Alzheimer’s Disease

Alzheimer’s is a type of dementia that causes problems with memory, thinking and behavior. Symptoms usually develop slowly and get worse over time, becoming severe enough to interfere with daily tasks.

Alzheimer’s is the most common form of dementia, a general term for memory loss and other intellectual abilities serious enough to interfere with daily life. Alzheimer’s disease accounts for 60 to 80 percent of dementia cases.

Alzheimer’s is not a normal part of aging, although the greatest known risk factor is increasing age, and the majority of people with Alzheimer’s are 65 and older. But Alzheimer’s is not just a disease of old age. Up to 5 percent of people with the disease have early onset Alzheimer’s (also known as younger-onset), which often appears when someone is in their 40s or 50s.

Alzheimer’s worsens over time. Alzheimer’s is a progressive disease, where dementia symptoms gradually worsen over a number of years. In its early stages, memory loss is mild, but with late-stage Alzheimer’s, individuals lose the ability to carry on a conversation and respond to their environment. Alzheimer’s is the sixth leading cause of death in the United States. Those with Alzheimer’s live an average of eight years after their symptoms become noticeable to others, but survival can range from four to 20 years, depending on age and other health conditions.

Alzheimer’s has no current cure, but treatments for symptoms are available and research continues. Although current Alzheimer’s treatments cannot stop Alzheimer’s from progressing, they can temporarily slow the worsening of dementia symptoms and improve quality of life for those with Alzheimer’s and their caregivers. Today, there is a worldwide effort under way to find better ways to treat the disease, delay its onset, and prevent it from developing.

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Kelly started her journey into senior living as an Activities Director. She worked her way up to Business Office Manager, and eventually in Administration. During her career, she has served as a Compliance Manger, Employee Trainer, and Marketing Director, and has opened three memory care communities. You may even see her carrying a paintbrush around Memory Lane Cottage, as she truly immerses herself in all parts of community management. However, the one position that has remained constant, is acting as a bridge between the resident and the family. Kelly states: “So many people are scared about talking about their loved one’s disease. Family members can be embarrassed to talk about the behaviors associated with Alzheimer’s and the family dynamics unique to their situation. They can be reluctant to ask for help, feeling guilty they can no longer provide the care their loved one needs. Over the years, both of my grandmothers lived in communities I managed, and I feel that gives me a unique perspective of ‘sitting on both sides of the desk’. Each resident has a very unique set of challenges associated with their disease progression. I think the wonderful part of Memory Lane Cottage is that with a smaller population, we can truly create a very unique care plan for each individual, which is nearly impossible to do in a larger setting.” Nowadays, you can catch Kelly with one of her therapy dogs or even her parrot, spreading awareness of Alzheimer’s and related disorders. Her favorite quote is: “Alzheimer's Sucks, but Memory Care Doesn’t Have To”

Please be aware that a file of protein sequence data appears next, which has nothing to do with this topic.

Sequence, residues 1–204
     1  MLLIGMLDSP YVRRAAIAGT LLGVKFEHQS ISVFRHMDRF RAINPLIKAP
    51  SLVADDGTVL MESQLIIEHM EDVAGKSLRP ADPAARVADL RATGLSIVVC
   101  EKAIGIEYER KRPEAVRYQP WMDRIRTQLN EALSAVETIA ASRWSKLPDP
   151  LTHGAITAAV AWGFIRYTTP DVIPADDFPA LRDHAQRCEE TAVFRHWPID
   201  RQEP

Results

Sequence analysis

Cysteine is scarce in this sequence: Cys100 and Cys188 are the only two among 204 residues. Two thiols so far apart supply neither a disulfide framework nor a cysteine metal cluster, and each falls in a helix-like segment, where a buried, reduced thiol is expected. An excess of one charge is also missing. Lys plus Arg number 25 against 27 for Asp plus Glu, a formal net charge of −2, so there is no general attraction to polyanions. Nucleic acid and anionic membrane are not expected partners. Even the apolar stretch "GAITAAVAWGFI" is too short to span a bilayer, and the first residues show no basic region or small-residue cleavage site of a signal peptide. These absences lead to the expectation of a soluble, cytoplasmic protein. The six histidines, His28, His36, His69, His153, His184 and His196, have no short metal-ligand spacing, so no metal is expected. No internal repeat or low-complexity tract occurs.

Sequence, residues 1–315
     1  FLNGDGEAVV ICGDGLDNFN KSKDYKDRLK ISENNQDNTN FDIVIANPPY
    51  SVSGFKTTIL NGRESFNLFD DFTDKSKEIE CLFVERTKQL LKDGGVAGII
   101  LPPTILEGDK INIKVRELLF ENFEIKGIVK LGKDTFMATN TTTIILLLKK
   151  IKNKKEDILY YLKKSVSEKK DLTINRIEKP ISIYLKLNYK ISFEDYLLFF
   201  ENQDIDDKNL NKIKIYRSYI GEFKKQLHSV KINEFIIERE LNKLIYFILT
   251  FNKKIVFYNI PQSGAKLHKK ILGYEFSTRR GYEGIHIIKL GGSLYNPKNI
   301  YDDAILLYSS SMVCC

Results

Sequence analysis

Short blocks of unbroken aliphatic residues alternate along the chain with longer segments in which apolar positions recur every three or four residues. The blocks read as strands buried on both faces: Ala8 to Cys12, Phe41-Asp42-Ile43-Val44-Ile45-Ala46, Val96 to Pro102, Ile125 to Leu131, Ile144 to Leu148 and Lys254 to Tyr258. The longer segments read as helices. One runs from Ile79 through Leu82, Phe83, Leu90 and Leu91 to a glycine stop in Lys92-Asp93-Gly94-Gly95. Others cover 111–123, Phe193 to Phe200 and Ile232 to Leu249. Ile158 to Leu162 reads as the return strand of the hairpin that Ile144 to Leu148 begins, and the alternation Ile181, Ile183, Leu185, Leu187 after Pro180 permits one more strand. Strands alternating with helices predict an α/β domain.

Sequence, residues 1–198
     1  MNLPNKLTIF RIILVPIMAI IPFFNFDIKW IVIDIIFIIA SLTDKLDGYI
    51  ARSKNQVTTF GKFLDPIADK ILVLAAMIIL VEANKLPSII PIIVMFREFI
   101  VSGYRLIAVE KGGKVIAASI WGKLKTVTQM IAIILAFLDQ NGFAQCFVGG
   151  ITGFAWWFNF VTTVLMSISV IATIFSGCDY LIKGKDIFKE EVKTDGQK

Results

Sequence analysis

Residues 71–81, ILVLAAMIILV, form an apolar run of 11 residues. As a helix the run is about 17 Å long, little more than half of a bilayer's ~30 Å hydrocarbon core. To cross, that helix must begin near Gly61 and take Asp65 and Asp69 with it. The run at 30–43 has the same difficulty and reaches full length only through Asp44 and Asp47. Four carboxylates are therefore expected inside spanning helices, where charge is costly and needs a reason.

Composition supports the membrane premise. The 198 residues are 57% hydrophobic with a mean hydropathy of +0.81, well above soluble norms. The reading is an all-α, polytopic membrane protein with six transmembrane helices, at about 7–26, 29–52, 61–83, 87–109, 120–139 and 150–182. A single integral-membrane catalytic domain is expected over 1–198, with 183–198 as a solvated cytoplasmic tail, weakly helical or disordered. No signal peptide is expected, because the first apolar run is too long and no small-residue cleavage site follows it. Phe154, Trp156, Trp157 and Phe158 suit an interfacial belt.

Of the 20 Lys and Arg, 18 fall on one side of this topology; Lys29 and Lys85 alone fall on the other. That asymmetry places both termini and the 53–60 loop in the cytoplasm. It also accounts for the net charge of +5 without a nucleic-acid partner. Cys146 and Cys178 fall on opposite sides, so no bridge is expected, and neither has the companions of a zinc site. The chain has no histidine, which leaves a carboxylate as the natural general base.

Taylor started volunteering in activities at a Memory Care Community back in 1997. When she graduated in 1999, with a degree in Aging Studies, she was offered a job in Marketing and then opened one of the first Memory Care Communities in the Tampa Bay area. Taylor went on to work a successful career as a Regional Marketing Manager. Her favorite part of her work was training and supporting marketing teams and the connections she made with the FAMILY Caregivers – holding their hands and helping them make some of the biggest decisions they would make as a Caregiver. Taylor has worked on many projects over the years- such as FACES of Alzheimer’s, Co-Chairing The Walk to End Alzheimer’s, and has held many fundraisers to support Alzheimer’s research. She loves to present on Aging Related Issues so that we can all help Caregiver’s better understand the Aging process. Taylor is dedicated to working with individual Caregivers to find out what is going on in their “Caregiver Journey,” and help connect them, so they know they are not alone. Her favorite quote is “Enjoy the Journey.”
I am originally from upstate NY and have spent my entire career in the Executive Director role. My major responsibilities are first and foremost the health and well-being of the residents. I always encourage open, professional communication among family members and staff members. It is my sole responsibility to respond to the needs of the residents, families, and visitors by providing immediate assistance. My number one motto in life is: "LIFE isn't about waiting for the storm to pass...It's learning to DANCE IN THE RAIN!!! ENJOY LIFE